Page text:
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45. Joseph Makes Himself Known

Then Joseph could not refrain himself before all them that stood by him; and he cried, Cause every man to go out from me. And there stood no man with him, while Joseph made himself known unto his brethren. 2And he wept aloud: and the Egyptians and the house of Pharaoh heard. 3And Joseph said unto his brethren, I am Joseph; doth my father yet live? And his brethren could not answer him; for they were troubled at his presence. 4And Joseph said unto his brethren, Come near to me, I pray you. And they came near. And he said, I am Joseph your brother, whom ye sold into Egypt. 5Now therefore be not grieved, nor angry with yourselves, that ye sold me hither: for God did send me before you to preserve life. 6For these two years hath the famine been in the land: and yet there are five years, in the which there shall neither be earing nor harvest. 7And God sent me before you to preserve you a posterity in the earth, and to save your lives by a great deliverance. 8So now it was not you that sent me hither, but God: and he hath made me a father to Pharaoh, and lord of all his house, and a ruler throughout all the land of Egypt. 9Haste ye, and go up to my father, and say unto him, Thus saith thy son Joseph, God hath made me lord of all Egypt: come down unto me, tarry not: 10And thou shalt dwell in the land of Goshen, and thou shalt be near unto me, thou, and thy children, and thy children’s children, and thy flocks, and thy herds, and all that thou hast: 11And there will I nourish thee; for yet there are five years of famine; lest thou, and thy household, and all that thou hast, come to poverty. 12And, behold, your eyes see, and the eyes of my brother Benjamin, that it is my mouth that speaketh unto you. 13And ye shall tell my father of all my glory in Egypt, and of all that ye have seen; and ye shall haste and bring down my father hither. 14And he fell upon his brother Benjamin’s neck, and wept; and Benjamin wept upon his neck. 15Moreover he kissed all his brethren, and wept upon them: and after that his brethren talked with him.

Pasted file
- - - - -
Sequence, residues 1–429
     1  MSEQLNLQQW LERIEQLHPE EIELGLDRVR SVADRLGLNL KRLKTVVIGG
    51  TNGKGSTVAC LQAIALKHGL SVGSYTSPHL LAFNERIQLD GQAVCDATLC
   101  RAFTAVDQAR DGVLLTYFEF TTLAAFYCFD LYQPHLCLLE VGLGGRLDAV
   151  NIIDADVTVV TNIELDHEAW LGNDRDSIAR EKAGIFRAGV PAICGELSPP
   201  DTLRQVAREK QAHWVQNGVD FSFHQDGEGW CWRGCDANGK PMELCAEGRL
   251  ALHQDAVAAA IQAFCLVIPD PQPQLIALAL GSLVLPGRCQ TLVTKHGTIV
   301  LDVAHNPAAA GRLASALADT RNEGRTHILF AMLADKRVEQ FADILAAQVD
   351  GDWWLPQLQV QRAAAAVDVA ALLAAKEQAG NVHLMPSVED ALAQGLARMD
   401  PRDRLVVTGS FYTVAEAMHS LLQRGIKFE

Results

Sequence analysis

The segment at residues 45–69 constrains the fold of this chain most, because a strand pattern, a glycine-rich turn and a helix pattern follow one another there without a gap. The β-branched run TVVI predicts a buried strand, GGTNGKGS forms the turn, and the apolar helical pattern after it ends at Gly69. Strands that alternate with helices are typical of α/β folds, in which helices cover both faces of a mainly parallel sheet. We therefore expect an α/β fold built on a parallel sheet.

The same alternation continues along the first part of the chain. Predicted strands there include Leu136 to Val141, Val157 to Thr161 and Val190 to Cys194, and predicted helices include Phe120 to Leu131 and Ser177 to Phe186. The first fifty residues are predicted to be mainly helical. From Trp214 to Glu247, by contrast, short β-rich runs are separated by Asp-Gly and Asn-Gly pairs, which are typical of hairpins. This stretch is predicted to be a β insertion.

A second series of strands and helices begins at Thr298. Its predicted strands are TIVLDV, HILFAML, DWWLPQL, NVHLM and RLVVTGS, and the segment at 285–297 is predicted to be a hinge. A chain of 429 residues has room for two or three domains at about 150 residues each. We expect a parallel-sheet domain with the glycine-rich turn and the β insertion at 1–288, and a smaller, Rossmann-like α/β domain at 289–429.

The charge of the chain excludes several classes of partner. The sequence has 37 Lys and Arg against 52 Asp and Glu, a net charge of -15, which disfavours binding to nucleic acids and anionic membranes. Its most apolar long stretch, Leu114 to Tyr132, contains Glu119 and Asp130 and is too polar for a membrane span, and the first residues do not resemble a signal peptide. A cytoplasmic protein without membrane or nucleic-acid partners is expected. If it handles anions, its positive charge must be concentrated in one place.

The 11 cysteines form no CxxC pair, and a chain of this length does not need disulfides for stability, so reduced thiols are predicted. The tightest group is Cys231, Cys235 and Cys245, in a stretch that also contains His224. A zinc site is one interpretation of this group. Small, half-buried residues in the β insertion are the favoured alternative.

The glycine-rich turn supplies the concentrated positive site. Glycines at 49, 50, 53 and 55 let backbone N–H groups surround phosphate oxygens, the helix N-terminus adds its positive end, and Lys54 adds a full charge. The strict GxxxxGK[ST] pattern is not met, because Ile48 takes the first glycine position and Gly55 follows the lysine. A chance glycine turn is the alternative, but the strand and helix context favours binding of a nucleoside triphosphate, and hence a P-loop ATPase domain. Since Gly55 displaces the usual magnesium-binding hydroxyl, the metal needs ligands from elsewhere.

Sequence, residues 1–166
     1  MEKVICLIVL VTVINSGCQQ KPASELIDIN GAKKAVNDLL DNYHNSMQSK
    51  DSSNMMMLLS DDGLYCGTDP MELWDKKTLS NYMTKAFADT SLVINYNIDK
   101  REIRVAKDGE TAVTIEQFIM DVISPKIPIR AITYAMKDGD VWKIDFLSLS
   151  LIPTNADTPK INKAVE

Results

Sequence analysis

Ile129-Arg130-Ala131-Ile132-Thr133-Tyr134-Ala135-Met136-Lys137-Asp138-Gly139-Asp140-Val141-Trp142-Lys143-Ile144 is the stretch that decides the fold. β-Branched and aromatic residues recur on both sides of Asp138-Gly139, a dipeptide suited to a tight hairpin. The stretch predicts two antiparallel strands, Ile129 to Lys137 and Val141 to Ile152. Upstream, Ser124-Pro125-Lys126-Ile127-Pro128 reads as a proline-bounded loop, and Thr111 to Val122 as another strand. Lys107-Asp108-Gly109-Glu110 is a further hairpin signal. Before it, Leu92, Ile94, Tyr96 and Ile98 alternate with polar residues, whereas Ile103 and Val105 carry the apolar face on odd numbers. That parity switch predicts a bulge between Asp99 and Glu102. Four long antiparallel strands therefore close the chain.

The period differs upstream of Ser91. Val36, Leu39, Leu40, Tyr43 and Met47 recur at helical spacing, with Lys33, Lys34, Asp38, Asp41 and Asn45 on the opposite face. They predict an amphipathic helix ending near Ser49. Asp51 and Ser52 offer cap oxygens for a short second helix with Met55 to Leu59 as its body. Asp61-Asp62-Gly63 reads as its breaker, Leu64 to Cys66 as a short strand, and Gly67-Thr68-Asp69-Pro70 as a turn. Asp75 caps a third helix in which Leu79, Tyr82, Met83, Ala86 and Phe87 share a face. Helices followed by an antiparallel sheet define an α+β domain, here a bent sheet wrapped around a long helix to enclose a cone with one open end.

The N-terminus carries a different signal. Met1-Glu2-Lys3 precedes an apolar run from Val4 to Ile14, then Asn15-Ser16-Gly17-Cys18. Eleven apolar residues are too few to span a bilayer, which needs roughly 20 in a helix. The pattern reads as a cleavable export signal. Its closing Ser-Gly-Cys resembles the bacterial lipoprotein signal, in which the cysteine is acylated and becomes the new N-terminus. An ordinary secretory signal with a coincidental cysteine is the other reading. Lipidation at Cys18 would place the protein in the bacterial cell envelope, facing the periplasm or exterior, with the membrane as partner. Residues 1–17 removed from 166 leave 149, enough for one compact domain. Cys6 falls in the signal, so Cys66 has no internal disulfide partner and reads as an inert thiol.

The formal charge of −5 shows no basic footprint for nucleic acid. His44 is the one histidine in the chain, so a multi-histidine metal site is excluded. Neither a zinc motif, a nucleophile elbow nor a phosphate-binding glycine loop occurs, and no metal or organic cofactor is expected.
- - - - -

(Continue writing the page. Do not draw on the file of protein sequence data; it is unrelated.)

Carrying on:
16And the fame thereof was heard in Pharaoh’s house, saying, Joseph’s brethren are come: and it pleased Pharaoh well, and his servants. 17And Pharaoh said unto Joseph, Say unto thy brethren, This do ye; lade your beasts, and go, get you unto the land of Canaan; 18And take your father and your households, and come unto me: and I will give you the good of the land of Egypt, and ye shall eat the fat of the land. 19Now thou art commanded, this do ye; take you wagons out of the land of Egypt for your little ones, and for your wives, and bring your father, and come. 20Also regard not your stuff; for the good of all the land of Egypt is yours. 21And the children of Israel did so: and Joseph gave them wagons, according to the commandment of Pharaoh, and gave them provision for the way. 22To all of them he gave each man changes of raiment; but to Benjamin he gave three hundred pieces of silver, and five changes of raiment. 23And to his father he sent after this manner; ten asses laden with the good things of Egypt, and ten she asses laden with corn and bread and meat for his father by the way. 24So he sent his brethren away, and they departed: and he said unto them, See that ye fall not out by the way.

25And they went up out of Egypt, and came into the land of Canaan unto Jacob their father, 26And told him, saying, Joseph is yet alive, and he is governor over all the land of Egypt. And Jacob’s heart fainted, for he believed them not. 27And they told him all the words of Joseph, which he had said unto them: and when he saw the wagons which Joseph had sent to carry him, the spirit of Jacob their father revived: 28And Israel said, It is enough; Joseph my son is yet alive: I will go and see him before I die.

22. And to all of them he gave each man changes of raiment. That he furnishes his brethren with supplies for their journey is not wonderful: but to what purpose was it that he loaded them with money and garments, seeing they would so soon return? I, indeed, do not doubt that he did it on account of his father and the wives of his brethren, in order that they might have less reluctance to leave the land of Canaan. For he knew that his message would scarcely be believed, unless some manifest tokens of its truth were presented. It might also be, that he not only endeavored to allure those who were absent, but that he also wished to testify, more and more, his love towards his brethren. But the former consideration has more weight with me, because he took greater care in furnishing Benjamin than the rest. Jerome has translated the expression, “changes of raiment,” by “two robes,” and other interpreters, following him, expound it as meaning “different kinds of garments.” I know not whether this be solid. I rather suppose they were elegant garments, such as were used at nuptials and on festal days; for I think that constant custom was silently opposed to this variety of dress.


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